20 artists 20 questions
1. Please tell me about your piece and the inspiration behind it – what has provoked it, what questions are you asking?
Our piece is called "STUFF" and features one character, Eda, who is a compulsive hoarder. We'd been tinkering around with the idea of a piece on hoarding for a few years now and thought this would be the perfect opportunity to do it. Hoarders attach value and significance to items that other people would discard, to the extent that it takes over their lives and changes the way they live and interact with people. You could see hoarders in one of two ways – either they are an extreme example of society’s general over-preoccupation on material things – OR they have an approach to the world that is individual, imaginative, and that values everything, not just the things with obvious monetary value. We'd like to play with both those opinions in the piece.
2. Please give me three words that sum up your piece
Eclectic, imaginative and playful.
3. Who is involved in your piece and what are their roles?
The core team at JIAC comprises of Amanda Castro (director), Hayley Kasperczyk (performer) and Vera Erenbourg (associate producer). Amanda and Hayley are devising the piece together. We're also lucky to have the support of some very talented designers on this particular project - Therese Mullan is designing costume, Rose Walker is helping to design our set, and Adam Loxley is providing us with some lovely illustrations.
4. What is the background to your company? How did you all meet?
Amanda, Hayley and Vera first met and worked together in 2008 on the MA Performance Practices and Research course at the Central School of Speech and Drama. When the time to leave Central came we decided to form a theatre company and carry on making work as Jeremis Iron, and that’s what we have been doing ever since. We have created a lot of work over the years, most of it taking place in unusual settings, such as a Spiral Booths at the V&A, amongst the exhibits in Whitechapel Gallery and at the top of a viewing tower at the De La Warr Pavillion in Bexhill... and now we have the glamorous location of the men's loos! We love a challenge.
5. What space will you be performing in at the Bush? Do you know what you’re going to do with the space – do you have elaborate set plans?
We are performing in the men's toilet's, which we are completely transforming. We want to create a completely believable and authentic hoarding space, crammed full with all sorts of knick knacks, bits and pieces, this and that, filling almost every available space...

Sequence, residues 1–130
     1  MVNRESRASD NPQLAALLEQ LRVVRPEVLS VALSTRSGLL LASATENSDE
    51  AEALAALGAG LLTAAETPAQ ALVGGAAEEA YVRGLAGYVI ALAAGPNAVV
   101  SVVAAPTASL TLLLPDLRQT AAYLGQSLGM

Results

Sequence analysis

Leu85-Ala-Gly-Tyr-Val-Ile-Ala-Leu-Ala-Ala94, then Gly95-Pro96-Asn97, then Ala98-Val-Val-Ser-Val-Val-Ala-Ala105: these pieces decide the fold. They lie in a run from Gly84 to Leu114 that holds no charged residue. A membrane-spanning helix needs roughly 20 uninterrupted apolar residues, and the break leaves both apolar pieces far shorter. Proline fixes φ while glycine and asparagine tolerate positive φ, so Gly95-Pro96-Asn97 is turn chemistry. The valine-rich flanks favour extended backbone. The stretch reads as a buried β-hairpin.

6. How does your rehearsal/devising process work?
Our process begins with a lot of research. We love reading, watching documentaries and learning as much as we can about the topic before we begin devising. We then get into the studio and play about with ideas until things start to fall into place. We don't start the process with a definite end in mind - we just see where the rehearsal process takes us. In the nature of the work we create, which is mostly interactive, playful and improvised- to a certain point- we expect it to evolve through every performance depending on audience reaction.
7. Bush Bazaar has its roots in the idea of value and the price we put on things? What do you value most in your life?
It may be obvious and slightly cheesy but we value our friends and family most in life. Having worked on this piece, though, we've all come to realise that we all have random, useless objects that we can't bear to part with - from recipes for meals you know you're never going to cook but still, you just might; to a pair of shoes that are falling apart but used to look so good when they were new; to sets of keys that don't open anything in your house and have no obvious purpose...because no one can bear to throw away a set of keys, can they?
8. What theatre companies or performance artists inspire you? What have you seen recently that you have raved about to your friends?
We all admire the work of Pina Bausch and Complicite. Amanda loves a bit of Chris Goode. Hayley follows the work of Mike Pearson, Graeme Millar and the writings of Iain Sinclair. If you get chance go and see the film Swandown by Andrew Kötting and Ian Sinclair. They ride a swan pedalo from Hastings to Hackney and meet lots of lovely people along the way. Vera is a circus freak and enjoys the work of No Fit State, and Clod Ensemble.